web analytics

Here again, but Delta gives less latitude. So give less latitude.

Written By: - Date published: 8:57 am, August 18th, 2021 - 31 comments
Categories: covid-19, health, Social issues, uncategorized - Tags:

For anyone who hasn’t caught up, we’re back in lockdown again. For Auckland and Coromandel there are 7 days at level 4. For the rest of the country at level 4 for 3 days. Then a decision will be made on the basis of what shows up based on the the spread of what is presumed Delta variant.

Based on what we have seen overseas, Delta is a very infectious disease. You only have to look at the way that a hesitant response by the NSW state government and some truly irresponsible fuckwit Australians have spread the outbreak across states . It caused what should have been a minor outbreak into one that is has 400+ newly infected people identified per day in NSW alone, and a near expodential growth in their numbers.

Delta doesn’t seem to have much of a problem infecting both the vaccinated and the un-vaccinated. Both can spread the disease to others.

The only real difference is that the infection doesn’t take as much of a hold on the vaccinated. The vaccinated rarely require hospitalisation or die from being infected with Delta. However that makes them far more dangerous to both the un-vaccinated including children and those with diminished immune responses. They’re more likely to wander around with a sniffle spreading their virus load.

Generally the Delta variant is less of a picky killer than the previous variants. In the US, the reports show that the median age of hospital admittance for covid infections is closer to 40 years old, rather than the 60 years old of previous outbreaks. Almost all of the hospital admittance are people who are un-vaccinated, and so are the deaths.

While the deaths are tragic, in a lot of ways, the probability of increasing levels of long covid are worse. That will exert a load on medical systems and a overall decrease in productivity over the long term.

Wearing masks in public, keeping distances outside of your bubbles, and not breaking constrained bubbles is going to be even more important when going out in public than in the previous Alpha and Beta outbreaks. It is currently the only viable technique for preventing the spread of the disease and gives us the time to get towards the 80-90% vaccination rates that seem to be required to constrain covid-19 spreads in the population and to prevent the severity of future outbreaks. Something that no state has yet managed to achieve.

So work not only at keeping yourself safe. But also try to work on keeping others safe.

I don’t know about everyone else, but based on what I know about the transmission of Delta, this is very important. You only have to look at New South Wales to see what happens when health warnings and guidelines are ignored.

I’m far less inclined to give latitude about people endangering me and others by not conforming to Ministry of Health advice this time. I’m going to exert my right to express that to them. Also to take photos of such social miscreants around me and to publish them with my commentary on their behaviour. All in a lawful manner in shared spaces – the kinds of spaces that I have to be in for groceries, exercise and medical attention.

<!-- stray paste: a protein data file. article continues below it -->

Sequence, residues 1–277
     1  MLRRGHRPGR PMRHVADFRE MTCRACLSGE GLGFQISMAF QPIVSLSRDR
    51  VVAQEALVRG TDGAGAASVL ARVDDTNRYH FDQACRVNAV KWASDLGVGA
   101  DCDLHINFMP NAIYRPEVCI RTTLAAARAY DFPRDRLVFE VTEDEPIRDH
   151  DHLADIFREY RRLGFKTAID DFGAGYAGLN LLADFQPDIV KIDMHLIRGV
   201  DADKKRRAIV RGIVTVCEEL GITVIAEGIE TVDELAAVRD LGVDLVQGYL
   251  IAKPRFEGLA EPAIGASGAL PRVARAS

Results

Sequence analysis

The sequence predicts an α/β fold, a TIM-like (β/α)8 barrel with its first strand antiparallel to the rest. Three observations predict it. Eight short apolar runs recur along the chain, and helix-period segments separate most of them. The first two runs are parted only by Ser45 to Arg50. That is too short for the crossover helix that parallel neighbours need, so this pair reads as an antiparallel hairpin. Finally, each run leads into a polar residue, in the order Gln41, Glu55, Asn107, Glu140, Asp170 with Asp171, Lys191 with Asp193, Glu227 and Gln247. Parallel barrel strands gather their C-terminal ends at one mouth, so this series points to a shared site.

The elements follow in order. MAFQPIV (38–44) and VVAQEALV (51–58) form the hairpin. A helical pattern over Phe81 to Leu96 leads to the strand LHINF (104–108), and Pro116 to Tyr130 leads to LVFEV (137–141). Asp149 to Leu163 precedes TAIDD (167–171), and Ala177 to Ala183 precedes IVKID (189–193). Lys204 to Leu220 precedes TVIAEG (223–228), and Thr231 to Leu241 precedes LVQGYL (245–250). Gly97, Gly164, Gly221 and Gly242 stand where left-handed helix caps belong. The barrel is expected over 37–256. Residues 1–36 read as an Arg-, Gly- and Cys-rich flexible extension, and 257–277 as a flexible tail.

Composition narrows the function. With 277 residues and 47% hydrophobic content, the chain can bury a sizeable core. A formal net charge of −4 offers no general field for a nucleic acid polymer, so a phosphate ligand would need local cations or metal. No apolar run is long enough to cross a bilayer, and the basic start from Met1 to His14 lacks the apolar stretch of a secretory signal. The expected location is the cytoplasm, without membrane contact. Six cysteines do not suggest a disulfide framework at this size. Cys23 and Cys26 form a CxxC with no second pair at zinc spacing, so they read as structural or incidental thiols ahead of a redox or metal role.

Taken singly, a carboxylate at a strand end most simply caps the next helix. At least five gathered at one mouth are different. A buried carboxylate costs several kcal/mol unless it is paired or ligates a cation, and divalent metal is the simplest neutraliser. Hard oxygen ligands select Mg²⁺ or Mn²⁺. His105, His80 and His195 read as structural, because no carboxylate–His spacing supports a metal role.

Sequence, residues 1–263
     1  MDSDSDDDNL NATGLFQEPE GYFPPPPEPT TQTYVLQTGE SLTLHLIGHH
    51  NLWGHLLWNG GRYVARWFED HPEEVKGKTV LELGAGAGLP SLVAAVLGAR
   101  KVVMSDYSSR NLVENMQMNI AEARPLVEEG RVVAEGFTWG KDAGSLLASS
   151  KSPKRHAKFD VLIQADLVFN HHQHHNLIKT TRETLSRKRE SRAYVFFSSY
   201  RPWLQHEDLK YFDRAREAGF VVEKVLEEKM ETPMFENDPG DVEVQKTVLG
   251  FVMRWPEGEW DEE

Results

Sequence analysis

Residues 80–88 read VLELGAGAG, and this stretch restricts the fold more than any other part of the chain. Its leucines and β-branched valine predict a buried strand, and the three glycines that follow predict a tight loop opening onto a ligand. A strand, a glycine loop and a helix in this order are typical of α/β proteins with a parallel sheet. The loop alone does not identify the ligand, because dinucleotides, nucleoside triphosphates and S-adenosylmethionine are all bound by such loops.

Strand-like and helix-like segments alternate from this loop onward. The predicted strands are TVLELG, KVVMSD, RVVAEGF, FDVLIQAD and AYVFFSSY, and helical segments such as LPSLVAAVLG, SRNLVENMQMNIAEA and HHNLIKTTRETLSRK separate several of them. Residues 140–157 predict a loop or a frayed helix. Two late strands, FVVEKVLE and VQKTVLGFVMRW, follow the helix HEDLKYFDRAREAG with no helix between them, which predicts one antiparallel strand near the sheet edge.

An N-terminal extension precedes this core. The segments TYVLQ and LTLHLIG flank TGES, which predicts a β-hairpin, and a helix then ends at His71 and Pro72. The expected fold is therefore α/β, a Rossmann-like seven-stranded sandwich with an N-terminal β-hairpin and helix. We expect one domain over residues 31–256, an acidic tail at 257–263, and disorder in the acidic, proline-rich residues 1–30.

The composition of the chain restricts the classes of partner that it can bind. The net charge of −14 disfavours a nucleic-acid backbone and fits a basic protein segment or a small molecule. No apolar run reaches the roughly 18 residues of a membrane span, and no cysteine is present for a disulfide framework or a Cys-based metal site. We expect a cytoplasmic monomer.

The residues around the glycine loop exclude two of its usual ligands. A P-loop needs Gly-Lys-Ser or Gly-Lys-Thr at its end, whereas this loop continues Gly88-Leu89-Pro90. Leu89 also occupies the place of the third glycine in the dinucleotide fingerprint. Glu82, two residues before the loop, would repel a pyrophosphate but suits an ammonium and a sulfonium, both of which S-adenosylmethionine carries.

After all if they wish to express themselves by endangering others, then as far as I am concerned they just gave me a reason to exercise my right to express my opinion of their behaviour. After all (he says piously) it is for their good as well.

31 comments on “Here again, but Delta gives less latitude. So give less latitude. ”

  1. Well. Bloody. Said.

    Will be doing likewise as well, with my Covid diary updates on my blog.

    • Anne 1.1

      Hear, hear and hear!

      I’m far less inclined to give latitude about people endangering me and others by not conforming to Ministry of Health advice this time. I’m going to exert my right to express that to them. Also to take photos of such social miscreants around me and to publish them with my commentary on their behaviour. All in a lawful manner in shared spaces – the kinds of spaces that I have to be in for groceries, exercise and medical attention.

      Yep. No leeway this time round. Anyone who breaks the rules in my presence just might see – and feel – the bottom end of my walking stick – wot I need to get around with until I finally get my new knee. Not strictly within the law but never mind.angry

  2. Andre 2

    Generally the Delta variant is less of a picky killer than the previous variants. In the US, the reports show that the median age of hospital admittance for covid infections is closer to 40 years old, rather than the 60 years old of previous outbreaks. Almost all of the hospital admittance are people who are un-vaccinated, and so are the deaths.

    That could be purely a reflection of older people being much more likely to be vaccinated. Around 90% of over-65s have had at least one jab, while the 25-39 group is around 60% and the 40-49 group around 70%.

    https://covid.cdc.gov/covid-data-tracker/#vaccination-demographics-trends

    • Patricia Bremner 2.1

      In NSW they found the rule breakers were in the 24 to 40 age group. Perhaps older folk don't feel so bullet proof.

    • lprent 2.2

      Yes. There will be some of that. Also that older people who are more susceptible khave already had it or know people who have, so tend to be more cautious.

      But to drop 20 years in median age means that a whole lot of under 40s are winding up in hospital. Fare more than with the alpha or beta versions. The statements from US hospitals and their staffs tend to support that.

      • Enough is Enough 2.2.1

        Australian data also back ups what you are saying there. There are a whole lot of younger people in Sydney hosiptals right now with the virus.